Thousands of Thai Red Shirts mark deadly crackdown
About 90 people were killed and nearly 1,900 wounded in a series of street clashes in May 2010 between demonstrators and security forces, which culminated in the military crackdown.
On Sunday roads were blocked as Red Shirts, loyal to ousted self-exiled former leader Thaksin Shinawatra, massed at an intersection in Bangkok’s glitzy shopping district.
Central World, Thailand’s largest shopping mall which was torched in the final days of the 2010 protest, was also closed while the colourful rally took place.
Thai special branch estimated that 20,000 people had joined the gathering by early evening.
“The protest is peaceful,” said Police Major General Chantavit Ramasut earlier, adding that around 750 policemen were keeping watch.
Thailand has been racked by sometimes explosive political divisions since Thaksin was ousted by the army in a 2006 coup.
Rights groups have called for the perpetrators of the 2010 violence to be prosecuted. They condemn moves by the current government of Yingluck Shinawatra, Thaksin’s sister, to push through an amnesty for the political violence.
Analysts say an amnesty would both appease the royalist army and pave the way for Thaksin’s bid to return to the kingdom.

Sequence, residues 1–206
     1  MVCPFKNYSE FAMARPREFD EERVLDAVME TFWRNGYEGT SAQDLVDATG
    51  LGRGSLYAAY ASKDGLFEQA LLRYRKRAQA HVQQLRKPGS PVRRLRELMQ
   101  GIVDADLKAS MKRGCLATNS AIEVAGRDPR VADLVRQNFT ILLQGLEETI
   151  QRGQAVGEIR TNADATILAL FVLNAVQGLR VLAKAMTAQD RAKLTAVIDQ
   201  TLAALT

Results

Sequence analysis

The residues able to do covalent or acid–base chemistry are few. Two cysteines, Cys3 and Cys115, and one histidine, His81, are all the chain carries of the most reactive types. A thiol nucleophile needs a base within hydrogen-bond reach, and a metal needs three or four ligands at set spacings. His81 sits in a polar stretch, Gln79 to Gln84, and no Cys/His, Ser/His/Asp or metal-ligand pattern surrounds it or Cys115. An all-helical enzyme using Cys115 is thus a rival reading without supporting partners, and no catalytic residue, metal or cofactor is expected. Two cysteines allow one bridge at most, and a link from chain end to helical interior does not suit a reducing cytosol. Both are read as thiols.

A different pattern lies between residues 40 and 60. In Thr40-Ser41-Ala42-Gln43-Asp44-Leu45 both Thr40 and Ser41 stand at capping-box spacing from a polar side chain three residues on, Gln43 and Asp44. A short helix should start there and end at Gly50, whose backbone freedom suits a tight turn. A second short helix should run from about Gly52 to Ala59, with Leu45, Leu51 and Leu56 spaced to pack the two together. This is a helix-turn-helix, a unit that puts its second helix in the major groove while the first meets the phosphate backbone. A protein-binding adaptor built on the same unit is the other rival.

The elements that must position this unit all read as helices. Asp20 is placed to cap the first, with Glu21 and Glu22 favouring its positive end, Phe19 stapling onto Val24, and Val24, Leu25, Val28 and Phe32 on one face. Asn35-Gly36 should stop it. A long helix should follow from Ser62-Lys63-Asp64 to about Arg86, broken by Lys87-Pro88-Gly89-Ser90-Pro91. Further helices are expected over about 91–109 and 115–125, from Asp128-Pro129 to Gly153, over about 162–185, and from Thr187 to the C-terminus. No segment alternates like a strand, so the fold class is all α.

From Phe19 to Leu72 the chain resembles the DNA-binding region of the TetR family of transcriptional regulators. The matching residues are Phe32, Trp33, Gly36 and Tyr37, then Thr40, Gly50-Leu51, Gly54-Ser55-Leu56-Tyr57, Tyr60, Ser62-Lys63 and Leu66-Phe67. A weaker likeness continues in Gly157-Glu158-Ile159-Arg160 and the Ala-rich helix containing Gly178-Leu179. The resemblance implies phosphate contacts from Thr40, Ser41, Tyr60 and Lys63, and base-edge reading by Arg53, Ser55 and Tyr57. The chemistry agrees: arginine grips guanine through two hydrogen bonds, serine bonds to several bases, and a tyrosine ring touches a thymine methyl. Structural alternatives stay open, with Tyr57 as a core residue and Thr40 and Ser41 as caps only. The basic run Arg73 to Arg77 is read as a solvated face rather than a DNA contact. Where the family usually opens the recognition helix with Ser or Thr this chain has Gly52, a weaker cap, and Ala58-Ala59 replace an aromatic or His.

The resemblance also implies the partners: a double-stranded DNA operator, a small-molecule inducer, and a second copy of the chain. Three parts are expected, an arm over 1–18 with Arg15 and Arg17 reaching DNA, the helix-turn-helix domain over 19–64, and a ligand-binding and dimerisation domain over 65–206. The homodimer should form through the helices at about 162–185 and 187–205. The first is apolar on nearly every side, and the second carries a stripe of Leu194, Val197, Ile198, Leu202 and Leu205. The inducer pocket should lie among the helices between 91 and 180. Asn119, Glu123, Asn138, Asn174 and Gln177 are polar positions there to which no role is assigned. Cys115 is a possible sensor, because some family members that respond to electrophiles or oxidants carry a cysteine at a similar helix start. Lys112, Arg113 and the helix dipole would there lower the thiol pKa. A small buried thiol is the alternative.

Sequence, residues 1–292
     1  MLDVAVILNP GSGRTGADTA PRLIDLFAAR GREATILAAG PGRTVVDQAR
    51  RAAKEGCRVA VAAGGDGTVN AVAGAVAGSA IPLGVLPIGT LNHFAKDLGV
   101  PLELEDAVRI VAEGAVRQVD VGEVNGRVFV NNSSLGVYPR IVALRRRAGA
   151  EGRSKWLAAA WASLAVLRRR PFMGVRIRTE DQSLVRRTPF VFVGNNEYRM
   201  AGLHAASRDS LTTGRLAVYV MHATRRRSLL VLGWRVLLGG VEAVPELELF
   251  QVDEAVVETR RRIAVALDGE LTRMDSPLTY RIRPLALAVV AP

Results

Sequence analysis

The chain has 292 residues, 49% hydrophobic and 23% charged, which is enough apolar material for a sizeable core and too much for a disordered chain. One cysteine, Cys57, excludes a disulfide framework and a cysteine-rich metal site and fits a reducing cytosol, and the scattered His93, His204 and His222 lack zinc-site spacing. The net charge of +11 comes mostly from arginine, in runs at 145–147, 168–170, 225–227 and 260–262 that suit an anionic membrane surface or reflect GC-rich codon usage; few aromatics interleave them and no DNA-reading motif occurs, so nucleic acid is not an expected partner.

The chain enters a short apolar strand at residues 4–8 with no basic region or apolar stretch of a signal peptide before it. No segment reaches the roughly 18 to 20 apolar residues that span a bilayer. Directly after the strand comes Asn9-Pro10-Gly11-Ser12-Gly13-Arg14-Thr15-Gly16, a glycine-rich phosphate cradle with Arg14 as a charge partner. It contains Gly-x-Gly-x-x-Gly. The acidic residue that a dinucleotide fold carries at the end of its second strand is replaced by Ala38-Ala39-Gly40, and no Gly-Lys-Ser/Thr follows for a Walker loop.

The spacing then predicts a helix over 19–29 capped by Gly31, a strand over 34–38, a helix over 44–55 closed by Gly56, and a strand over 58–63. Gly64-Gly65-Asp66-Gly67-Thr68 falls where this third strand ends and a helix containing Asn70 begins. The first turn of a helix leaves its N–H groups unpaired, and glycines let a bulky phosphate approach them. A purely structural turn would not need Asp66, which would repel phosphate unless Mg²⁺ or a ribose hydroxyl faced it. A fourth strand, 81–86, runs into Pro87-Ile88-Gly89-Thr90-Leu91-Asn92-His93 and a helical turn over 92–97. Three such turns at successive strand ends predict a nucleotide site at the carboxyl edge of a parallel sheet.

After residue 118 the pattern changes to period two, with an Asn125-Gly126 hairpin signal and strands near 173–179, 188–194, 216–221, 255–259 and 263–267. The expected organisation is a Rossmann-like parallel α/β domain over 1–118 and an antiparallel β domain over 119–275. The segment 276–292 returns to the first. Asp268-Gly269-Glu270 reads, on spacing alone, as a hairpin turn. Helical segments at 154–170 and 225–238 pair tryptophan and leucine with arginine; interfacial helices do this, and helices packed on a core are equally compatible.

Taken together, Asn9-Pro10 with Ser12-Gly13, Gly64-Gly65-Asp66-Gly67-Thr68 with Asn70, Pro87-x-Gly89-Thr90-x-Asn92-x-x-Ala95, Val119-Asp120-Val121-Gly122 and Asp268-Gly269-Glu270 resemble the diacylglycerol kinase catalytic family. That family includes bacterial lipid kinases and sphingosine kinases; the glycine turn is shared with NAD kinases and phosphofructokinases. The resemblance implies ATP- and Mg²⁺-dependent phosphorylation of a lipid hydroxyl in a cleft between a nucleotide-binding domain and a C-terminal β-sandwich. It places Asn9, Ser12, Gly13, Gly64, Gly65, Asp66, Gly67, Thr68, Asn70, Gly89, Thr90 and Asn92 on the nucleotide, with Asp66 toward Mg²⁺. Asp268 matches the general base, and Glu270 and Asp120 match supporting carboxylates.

“Three years ago, the world saw soldiers shooting protesters and parts of Bangkok going up in flames,” said Brad Adams, Asia director at Human Rights Watch.
“But instead of investigating and prosecuting those responsible, successive Thai governments and the army have politicised efforts for justice and are now backing an amnesty bill that would let everyone off the hook.”
The crackdown followed weeks of rallies by the Red Shirts which brought parts of central Bangkok to a standstill.
Then-prime minister Abhisit Vejjajiva, who oversaw the military crackdown, has blamed protest leaders for the violent denouement and said his government had no choice but to take tough action.
Courts have ruled that some protesters were killed by security forces, leading to charges of murder being laid against Abhisit — accusations he strenuously denies.
A trial of 24 Red Shirt leaders on terrorism charges began in December but five of them enjoy immunity as they are now lawmakers, so the case is expected to take years to complete during breaks in the parliamentary session.
The Red Shirts were demanding immediate elections, accusing Abhisit’s government of coming to power unfairly in 2008 through a parliamentary vote after a court stripped Thaksin’s allies of power.
On Sunday the memory of the dead was still raw.
“I come every year and I have to come every year, I miss the people who sacrificed themselves, I will come until there is real democracy,” said Thanadej Nonprocha, 45, from the Red Shirt heartland of northeastern Thailand.